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Hasta is a Latin word meaning spear. Hastae were carried by early Roman Legionaries, in particular they were carried by and gave their name to those Roman soldiers known as Hastati. However, during Republican times, the hastati were re-armed with pila and gladii and the hasta was only retained by the triarii.

As opposed to the pilum, verutum or lancea, the hasta was not thrown, but used for thrusting.


A hasta was about six and one-half feet (2 m) in length, with a shaft generally made from ash, while the head was of iron.

Symbolic usage

A little spear with which a bride's hair was parted into locks.[1][2]

A spear, as a gymnastic weapon.[2][3]

Hasta pura

The Hasta pura was a spear without iron – presumably without the iron tip that was used in combat, or with the tip made of another material – that was awarded as a military decoration.[4]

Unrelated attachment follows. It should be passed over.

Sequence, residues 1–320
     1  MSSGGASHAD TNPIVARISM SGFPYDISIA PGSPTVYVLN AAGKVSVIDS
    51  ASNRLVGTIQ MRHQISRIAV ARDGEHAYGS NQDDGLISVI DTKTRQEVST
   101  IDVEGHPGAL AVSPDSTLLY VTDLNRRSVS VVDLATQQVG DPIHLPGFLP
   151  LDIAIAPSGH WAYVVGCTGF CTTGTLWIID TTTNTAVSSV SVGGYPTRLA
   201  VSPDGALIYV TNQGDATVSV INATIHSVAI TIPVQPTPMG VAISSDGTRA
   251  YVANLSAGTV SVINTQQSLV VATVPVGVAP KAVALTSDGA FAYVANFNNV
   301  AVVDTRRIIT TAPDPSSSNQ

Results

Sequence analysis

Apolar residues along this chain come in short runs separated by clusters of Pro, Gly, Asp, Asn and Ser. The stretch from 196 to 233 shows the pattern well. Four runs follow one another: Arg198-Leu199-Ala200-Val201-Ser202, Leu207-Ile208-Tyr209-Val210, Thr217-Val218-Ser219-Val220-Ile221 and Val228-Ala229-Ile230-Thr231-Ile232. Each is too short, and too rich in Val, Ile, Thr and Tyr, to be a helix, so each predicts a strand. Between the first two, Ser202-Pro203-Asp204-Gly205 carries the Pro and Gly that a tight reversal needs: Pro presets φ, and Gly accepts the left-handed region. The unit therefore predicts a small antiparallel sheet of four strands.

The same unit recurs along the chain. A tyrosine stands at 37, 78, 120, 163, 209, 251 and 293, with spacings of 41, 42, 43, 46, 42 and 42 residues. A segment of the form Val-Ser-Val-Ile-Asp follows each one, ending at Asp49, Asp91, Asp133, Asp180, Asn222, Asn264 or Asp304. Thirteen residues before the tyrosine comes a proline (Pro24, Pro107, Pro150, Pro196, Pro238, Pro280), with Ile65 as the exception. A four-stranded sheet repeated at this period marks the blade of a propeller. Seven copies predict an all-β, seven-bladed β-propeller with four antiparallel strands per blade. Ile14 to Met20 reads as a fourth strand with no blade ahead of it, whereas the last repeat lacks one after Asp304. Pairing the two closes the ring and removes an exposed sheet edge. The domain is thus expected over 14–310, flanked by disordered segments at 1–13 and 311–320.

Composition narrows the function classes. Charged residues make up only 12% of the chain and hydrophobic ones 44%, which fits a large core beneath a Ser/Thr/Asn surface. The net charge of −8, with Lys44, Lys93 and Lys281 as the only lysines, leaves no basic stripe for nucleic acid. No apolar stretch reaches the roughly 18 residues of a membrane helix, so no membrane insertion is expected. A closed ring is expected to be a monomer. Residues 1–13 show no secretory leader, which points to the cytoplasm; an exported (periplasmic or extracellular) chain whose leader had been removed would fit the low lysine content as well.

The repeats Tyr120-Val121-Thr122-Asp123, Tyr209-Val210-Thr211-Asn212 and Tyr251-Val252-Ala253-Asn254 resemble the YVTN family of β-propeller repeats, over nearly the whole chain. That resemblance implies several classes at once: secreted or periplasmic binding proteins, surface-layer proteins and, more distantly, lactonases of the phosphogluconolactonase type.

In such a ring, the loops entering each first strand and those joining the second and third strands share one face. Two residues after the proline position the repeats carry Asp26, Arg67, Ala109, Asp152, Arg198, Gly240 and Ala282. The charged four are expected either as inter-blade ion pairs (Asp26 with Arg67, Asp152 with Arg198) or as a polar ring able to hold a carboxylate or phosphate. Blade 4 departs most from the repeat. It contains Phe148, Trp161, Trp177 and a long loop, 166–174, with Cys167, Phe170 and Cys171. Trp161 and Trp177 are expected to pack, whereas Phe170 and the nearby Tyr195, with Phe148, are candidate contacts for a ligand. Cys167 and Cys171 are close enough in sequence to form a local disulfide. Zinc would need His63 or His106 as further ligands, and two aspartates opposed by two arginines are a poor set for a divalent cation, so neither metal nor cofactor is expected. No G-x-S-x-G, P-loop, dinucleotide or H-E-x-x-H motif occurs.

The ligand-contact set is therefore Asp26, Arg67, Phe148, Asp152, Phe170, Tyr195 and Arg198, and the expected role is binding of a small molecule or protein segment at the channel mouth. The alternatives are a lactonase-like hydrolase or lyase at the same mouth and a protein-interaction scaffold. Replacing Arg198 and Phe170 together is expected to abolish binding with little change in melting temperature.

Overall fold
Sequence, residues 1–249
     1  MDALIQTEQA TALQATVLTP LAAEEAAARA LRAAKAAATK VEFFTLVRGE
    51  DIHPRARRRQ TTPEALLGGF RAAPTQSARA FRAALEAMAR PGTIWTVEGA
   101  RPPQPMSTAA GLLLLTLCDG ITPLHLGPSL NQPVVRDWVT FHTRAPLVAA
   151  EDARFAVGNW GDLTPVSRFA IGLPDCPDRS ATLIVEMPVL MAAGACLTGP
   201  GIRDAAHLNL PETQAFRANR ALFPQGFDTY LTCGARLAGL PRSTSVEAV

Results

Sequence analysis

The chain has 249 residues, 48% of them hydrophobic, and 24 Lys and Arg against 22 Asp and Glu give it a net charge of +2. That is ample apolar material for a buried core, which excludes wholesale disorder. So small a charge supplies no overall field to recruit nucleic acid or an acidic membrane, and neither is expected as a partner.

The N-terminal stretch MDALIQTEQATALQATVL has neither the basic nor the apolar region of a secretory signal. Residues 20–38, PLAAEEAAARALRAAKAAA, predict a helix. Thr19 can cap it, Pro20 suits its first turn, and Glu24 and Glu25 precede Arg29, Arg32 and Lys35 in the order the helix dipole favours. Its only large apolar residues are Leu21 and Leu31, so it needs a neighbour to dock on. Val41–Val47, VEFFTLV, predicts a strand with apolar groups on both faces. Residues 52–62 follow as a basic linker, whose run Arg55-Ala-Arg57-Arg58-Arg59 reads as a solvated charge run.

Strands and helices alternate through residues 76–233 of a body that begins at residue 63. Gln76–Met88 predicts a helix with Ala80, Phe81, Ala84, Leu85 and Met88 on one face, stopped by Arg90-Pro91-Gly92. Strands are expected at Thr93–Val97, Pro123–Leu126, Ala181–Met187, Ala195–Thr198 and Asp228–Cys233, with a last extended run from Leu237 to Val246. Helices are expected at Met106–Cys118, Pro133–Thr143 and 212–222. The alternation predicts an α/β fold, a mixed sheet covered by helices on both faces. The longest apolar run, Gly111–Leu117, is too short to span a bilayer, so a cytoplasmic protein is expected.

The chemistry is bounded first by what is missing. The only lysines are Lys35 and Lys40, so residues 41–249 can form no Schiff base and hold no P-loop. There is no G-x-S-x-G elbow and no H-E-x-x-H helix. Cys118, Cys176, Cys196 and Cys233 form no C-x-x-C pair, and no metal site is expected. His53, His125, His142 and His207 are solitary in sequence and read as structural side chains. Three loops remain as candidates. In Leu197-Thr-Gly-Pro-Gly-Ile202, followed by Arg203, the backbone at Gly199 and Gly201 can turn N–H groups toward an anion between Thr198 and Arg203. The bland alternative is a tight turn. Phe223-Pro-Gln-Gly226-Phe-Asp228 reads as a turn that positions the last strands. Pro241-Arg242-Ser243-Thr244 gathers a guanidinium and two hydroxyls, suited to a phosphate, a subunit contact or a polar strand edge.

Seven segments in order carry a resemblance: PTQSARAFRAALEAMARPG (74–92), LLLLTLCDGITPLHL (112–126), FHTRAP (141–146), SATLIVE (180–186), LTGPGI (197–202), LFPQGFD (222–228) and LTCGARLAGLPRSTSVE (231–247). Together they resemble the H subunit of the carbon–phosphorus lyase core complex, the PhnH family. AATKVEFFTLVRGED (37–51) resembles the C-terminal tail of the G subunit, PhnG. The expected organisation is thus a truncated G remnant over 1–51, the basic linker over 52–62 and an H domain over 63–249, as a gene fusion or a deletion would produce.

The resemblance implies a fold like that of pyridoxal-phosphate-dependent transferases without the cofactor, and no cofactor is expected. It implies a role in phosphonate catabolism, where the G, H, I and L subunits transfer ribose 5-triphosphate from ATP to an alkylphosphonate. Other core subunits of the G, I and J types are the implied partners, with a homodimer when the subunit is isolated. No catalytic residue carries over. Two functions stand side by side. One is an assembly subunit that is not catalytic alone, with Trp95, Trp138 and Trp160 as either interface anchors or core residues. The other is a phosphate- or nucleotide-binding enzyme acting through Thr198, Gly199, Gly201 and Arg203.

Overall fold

A hasta was also used as a sign that would be conventionally understood in Roman culture as announcing an auction. Hence, an auction was called hasta and an auction-room a hastarium.[2]

Post-Roman era

The Latin word hasta passed in modified form and/or meaning into several Romance languages (Portuguese, Spanish, Italian) and also into Albanian (heshtë, "spear").


  1. Ovid. F. 2, 560
  2. 2.0 2.1 2.2 Lewis & Short (1879). A Latin Dictionary. Perseus Project: Clarendon Press. pp. entry 'hasta'. 
  3. Plaut. Bacch. 1, 1, 38; 3, 3, 24
  4. Rev. John Selby Watson, M.A. (1899). Sallust. The Jugurthine War.. Perseus project: Harper & Brothers.. pp. Footnotes to Sal. Jug. 85. 

See also

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